Money wasted on solar and other ‘renewable’ energies could have been used to solve the housing crisis
By Michael Blair, Substack, Dec. 11, 2023
At the current state of the technology, about 80% of energy used to generate electricity through solar panels is lost to heat. The other 20% is captured in the form of electricity and converted to work. We can estimate how much quite readily.
The International Energy Agency (IEA) says 179 Terawatt hours of electricity were generated from solar last year. Presumably that is ~20% of the energy reaching the solar panels that created that power.… Read more
Meeting the Paris climate promises would create benefits worth $4.5-trillion (in 2023 dollars), at an annual cost of $27-trillion. Each dollar spent will avoid 17 cents worth of climate damage.
By Bjorn Lomborg, Wall Street Journal, Nov. 30, 2023
World leaders have gathered in Dubai for another climate conference, which will no doubt yield heady promises along the lines of the 2015 Paris climate agreement to keep the global temperature’s rise “well below” 2 degrees Celsius and pursue efforts to limit it to 1.5 degrees. But they’d be wiser not to. New research shows how extravagant climate promises are far more wasteful than useful.… Read more
Solar and windmill plants are typically far from consumers, meaning we will need an additional 50 million miles of transmission lines, at a cost of trillions of dollars.
Editorial, Wall Street Journal, Oct. 20, 2023
The International Energy Agency said this week that 49.7 million miles of transmission lines—enough to wrap around the planet 2,000 times—will have to be built or replaced by 2040 to achieve the climate lobby’s net-zero emissions goal. This amounts to a plan for everyone to buy more metals from coal-fired plants in China.
Grid investment, the IEA report argues, is needed to carry additional renewable energy “as the world deploys more electric vehicles, installs more electric heating and cooling systems, and scales up hydrogen production using electrolysis.”… Read more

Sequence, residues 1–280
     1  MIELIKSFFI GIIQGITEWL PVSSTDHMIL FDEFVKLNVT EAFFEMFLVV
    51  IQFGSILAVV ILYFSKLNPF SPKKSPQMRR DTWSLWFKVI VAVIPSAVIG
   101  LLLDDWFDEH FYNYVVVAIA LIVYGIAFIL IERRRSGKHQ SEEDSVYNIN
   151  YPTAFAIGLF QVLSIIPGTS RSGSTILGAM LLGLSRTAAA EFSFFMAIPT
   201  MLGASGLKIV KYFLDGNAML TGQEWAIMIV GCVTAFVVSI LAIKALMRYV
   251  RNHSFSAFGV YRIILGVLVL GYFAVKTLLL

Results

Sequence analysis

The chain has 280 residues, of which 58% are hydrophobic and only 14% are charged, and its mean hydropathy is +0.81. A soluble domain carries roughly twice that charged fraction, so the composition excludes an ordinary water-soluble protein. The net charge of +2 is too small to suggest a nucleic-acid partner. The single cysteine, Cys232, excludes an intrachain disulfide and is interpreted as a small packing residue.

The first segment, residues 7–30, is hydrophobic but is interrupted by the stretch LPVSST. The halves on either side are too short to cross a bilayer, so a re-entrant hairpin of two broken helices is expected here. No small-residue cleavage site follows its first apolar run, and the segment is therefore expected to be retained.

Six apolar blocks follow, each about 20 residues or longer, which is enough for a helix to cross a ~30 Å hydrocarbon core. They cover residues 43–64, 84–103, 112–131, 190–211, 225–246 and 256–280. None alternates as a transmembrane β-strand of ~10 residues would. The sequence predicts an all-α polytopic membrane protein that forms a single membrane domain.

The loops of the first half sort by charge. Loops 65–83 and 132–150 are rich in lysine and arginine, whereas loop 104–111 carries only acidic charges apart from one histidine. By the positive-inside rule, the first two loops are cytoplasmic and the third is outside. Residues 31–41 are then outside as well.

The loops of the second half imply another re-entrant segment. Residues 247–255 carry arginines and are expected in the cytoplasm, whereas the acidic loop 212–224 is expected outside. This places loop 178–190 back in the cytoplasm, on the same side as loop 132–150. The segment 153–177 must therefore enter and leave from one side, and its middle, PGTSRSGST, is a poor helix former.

COP28 head says there is no realistic possibility of phasing out fossil fuels by 2050, unless we want to go back to living in caves
By Joe Oliver, National Post, Dec. 12, 2023
COP28, the 28th “Conference of the Parties,” the annual summit of climate-change catastrophists, spent much of its time debating the schedule for a fossil fuel phaseout. Its mission is to limit global warming to 1.5 C by 2050 compared to the start of the industrial age — which coincided with the end of the Little Ice Age, so temperature increases since then have been both natural and man-made.… Read more
Ending fossil fuel use will not keep temperatures below 1.5°C but could ruin our societies—it’s time politicians told the public the truth
By Tom Harris, National Post, Dec. 8, 2023
Conservative Leader Pierre Poilievre should take a page out of Dr. Sultan Ahmed Al Jaber’s playbook. Al Jaber is the president of COP28, currently underway in Dubai. Last month he laid bare important realities few conservative politicians dare bring up: though ending fossil-fuel use may well not prevent average global temperatures from rising 1.5 degrees C above pre-industrial levels, any quick phaseout of coal, oil and natural gas certainly would ruin our societies.… Read more
Pursuing Net Zero is all cost for almost no benefit
By Bjorn Lomborg, National Post, Dec. 1, 2023
The spectacle of another annual climate conference has just got underway in the United Arab Emirates. Like Kabuki theatre, performative set pieces lead from one to the other: politicians and celebrities arrive by private jets; speakers predict imminent doom; hectoring NGOS cast blame; political negotiations become fraught and inevitably go overtime; and finally: the signing of a new agreement that participants hope and pretend will make a difference.
This circus has repeated since the 1990s. Despite 27 previous conferences with iterations of ominous speeches and bold promises, global emissions have inexorably increased, punctuated just once, by the economic shutdown of COVID-19.… Read more